“In some ways it improves the quality and processing of the finished product,” he says. “The consistency of the barrels has improved considerably. It’s also more durable. For its sherry-finish beer, Sharp hoped to achieve some of the characteristics of Pedro Ximénez dessert wine: fruity and spicy aromas, a sweeter flavor profile, and hints of chocolate and banana. It all happened, he says.
“It’s absolutely delicious, one of the tastiest limited edition beers we’ve ever brewed,” he says. While sherry-finished beer remains a relative rarity, the use of sherry casks in Scotch whiskey shows few signs of slowing down: Luyten notes that three times as many sherry casks have been sold than just five year. Cost advantages mean they are now typically made from imported American oak, which can cost half the price of French or Hungarian oak, according to Work.
As remnants of the ancient wine and spirits trade, sherry casks can be difficult to understand, even for those working in the beverage industry. Eder says the most common misunderstanding he encounters is a customer who thinks they can easily buy a cask that has been used to produce sherry for many decades, instead of a new American oak cask that has been seasoned with sherry for only 12 months. Older, well-used production barrels still exist, he says, though they’re usually only about seven years old these days. They’re not easy to find, he says, and they certainly aren’t cheap.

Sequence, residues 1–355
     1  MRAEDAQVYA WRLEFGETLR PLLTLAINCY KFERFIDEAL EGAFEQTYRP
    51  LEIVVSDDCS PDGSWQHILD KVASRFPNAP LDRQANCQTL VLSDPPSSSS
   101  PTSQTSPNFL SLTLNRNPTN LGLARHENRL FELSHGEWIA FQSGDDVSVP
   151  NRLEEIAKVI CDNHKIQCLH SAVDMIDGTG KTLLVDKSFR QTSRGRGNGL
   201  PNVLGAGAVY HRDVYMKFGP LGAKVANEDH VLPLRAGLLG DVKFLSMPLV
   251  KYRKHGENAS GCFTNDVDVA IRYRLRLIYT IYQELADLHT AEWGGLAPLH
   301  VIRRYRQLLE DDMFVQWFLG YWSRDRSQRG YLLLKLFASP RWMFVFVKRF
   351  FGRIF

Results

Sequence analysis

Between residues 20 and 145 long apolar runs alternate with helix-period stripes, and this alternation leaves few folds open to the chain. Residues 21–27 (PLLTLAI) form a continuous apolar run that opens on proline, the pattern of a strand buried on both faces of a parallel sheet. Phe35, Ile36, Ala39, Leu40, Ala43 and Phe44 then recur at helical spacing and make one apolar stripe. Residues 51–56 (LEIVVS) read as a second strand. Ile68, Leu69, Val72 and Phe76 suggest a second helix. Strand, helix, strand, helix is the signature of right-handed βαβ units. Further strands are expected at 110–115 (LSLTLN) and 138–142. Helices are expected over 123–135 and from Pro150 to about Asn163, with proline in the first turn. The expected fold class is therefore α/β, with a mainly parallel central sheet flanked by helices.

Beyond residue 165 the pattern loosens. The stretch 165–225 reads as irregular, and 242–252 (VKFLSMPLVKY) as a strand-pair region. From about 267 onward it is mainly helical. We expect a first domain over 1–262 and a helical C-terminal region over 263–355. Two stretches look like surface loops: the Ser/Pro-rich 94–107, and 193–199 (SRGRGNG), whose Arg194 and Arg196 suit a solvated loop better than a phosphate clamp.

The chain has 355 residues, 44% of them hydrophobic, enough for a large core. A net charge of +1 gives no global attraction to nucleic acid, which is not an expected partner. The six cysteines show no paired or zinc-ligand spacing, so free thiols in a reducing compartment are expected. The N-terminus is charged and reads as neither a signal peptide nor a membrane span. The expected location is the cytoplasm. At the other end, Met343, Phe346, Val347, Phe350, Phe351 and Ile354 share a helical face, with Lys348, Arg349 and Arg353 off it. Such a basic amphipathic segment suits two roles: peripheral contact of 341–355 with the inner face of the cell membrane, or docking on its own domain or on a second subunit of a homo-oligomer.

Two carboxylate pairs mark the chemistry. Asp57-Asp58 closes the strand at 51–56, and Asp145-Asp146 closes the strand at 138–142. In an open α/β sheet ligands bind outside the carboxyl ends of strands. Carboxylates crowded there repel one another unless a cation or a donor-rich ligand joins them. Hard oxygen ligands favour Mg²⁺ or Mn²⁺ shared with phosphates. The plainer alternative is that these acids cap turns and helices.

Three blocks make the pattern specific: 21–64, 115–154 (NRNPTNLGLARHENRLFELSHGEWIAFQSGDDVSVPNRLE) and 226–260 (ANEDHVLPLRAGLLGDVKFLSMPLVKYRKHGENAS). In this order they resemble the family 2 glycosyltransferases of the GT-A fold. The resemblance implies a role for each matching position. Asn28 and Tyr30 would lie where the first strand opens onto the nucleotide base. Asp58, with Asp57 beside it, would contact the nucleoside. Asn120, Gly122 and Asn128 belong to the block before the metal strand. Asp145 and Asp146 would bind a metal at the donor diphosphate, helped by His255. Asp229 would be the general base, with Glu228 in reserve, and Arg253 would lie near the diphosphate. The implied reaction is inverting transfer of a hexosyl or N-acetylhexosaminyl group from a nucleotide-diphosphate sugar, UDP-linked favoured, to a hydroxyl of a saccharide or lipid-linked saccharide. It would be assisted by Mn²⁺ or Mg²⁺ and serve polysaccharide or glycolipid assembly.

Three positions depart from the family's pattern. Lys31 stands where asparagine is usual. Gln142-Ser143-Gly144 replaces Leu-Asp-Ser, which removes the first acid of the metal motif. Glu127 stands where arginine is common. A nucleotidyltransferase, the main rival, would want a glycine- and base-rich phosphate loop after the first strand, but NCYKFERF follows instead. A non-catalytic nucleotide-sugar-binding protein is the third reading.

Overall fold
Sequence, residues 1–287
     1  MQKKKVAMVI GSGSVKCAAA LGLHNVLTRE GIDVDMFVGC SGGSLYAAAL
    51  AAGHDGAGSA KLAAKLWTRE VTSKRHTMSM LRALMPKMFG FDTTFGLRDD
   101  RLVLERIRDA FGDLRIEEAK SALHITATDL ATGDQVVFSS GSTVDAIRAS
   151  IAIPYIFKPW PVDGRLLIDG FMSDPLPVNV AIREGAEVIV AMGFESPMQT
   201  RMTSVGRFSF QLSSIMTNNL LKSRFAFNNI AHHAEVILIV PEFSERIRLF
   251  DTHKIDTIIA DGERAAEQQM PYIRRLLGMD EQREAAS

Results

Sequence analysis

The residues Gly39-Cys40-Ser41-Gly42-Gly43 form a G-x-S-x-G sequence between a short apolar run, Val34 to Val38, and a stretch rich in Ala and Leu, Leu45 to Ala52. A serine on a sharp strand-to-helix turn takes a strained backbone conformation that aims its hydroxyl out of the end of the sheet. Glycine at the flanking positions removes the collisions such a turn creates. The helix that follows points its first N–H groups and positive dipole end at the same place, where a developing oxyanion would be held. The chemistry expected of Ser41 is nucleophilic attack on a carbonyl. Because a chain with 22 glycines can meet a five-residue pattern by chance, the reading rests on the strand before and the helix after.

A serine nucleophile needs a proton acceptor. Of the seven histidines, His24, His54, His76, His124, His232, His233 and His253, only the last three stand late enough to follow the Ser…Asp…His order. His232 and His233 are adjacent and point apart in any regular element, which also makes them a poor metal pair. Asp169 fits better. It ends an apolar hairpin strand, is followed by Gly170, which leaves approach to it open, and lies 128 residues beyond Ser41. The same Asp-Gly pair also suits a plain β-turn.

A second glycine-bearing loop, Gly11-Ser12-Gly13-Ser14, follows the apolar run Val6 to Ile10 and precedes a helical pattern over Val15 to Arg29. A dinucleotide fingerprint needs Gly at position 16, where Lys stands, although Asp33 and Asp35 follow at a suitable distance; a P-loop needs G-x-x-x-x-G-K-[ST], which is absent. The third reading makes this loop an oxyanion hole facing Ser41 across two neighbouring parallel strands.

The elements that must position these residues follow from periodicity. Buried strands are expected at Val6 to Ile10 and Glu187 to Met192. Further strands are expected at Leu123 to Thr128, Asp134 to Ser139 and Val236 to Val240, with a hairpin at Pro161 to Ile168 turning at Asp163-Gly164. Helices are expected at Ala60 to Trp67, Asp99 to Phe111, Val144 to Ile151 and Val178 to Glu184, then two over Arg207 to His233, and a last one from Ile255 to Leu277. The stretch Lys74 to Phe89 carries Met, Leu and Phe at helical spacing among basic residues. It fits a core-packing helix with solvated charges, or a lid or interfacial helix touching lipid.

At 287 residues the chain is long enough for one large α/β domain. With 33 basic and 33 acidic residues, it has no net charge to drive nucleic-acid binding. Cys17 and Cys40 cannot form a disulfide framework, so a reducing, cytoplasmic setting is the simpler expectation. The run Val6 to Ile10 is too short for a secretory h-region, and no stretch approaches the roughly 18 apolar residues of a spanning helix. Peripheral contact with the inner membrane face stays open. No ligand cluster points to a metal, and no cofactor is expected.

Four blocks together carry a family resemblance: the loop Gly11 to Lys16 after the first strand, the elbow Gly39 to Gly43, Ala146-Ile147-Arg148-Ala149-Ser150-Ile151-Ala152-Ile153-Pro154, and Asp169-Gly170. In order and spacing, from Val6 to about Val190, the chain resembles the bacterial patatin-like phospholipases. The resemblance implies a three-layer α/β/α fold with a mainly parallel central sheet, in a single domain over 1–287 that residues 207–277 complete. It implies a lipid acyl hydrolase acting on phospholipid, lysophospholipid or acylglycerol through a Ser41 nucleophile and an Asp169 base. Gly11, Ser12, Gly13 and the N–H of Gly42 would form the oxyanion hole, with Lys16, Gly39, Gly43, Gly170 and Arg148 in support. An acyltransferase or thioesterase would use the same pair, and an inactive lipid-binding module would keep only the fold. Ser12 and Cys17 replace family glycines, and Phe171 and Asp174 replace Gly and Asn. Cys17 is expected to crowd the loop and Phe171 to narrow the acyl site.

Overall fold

“If you’re trying to find a really old keg, you have to spend money,” he says.
The idea that Scottish producers are not allowed to flavor their whiskies, he says, is difficult to reconcile with the fact that most sherry casks are produced specifically for the Scotch whiskey industry, after which the sherry could be discarded or turned into vinegar. If the sherry used to flavor the sherry casks isn’t actually a drink, then what is?
“More or less, it’s just a flavor,” he says. “My opinion is that it would be more honest to allow an additive like paxarette.”